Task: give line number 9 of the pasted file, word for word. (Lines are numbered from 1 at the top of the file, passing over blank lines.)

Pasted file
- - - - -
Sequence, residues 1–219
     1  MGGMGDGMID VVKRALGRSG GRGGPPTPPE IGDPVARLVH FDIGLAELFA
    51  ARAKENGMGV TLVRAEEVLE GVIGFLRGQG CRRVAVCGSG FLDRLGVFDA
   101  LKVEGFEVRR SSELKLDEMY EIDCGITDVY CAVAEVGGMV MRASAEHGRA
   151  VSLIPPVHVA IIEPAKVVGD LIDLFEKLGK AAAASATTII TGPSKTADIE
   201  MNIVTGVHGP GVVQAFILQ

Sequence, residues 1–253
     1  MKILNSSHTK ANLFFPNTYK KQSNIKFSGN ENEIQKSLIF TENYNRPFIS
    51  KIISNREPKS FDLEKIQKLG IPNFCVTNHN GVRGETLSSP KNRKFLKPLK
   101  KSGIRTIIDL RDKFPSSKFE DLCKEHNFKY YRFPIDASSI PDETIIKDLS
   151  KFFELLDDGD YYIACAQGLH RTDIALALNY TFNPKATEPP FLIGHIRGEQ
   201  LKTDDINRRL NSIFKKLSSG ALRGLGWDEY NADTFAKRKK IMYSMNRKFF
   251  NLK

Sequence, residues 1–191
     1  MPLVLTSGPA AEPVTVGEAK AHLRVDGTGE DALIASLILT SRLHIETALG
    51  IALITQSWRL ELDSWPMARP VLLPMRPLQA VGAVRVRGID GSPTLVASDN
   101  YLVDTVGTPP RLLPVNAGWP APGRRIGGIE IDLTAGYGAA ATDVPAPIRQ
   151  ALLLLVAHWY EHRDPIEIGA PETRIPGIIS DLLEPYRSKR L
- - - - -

    51  KIISNREPKS FDLEKIQKLG IPNFCVTNHN GVRGETLSSP KNRKFLKPLK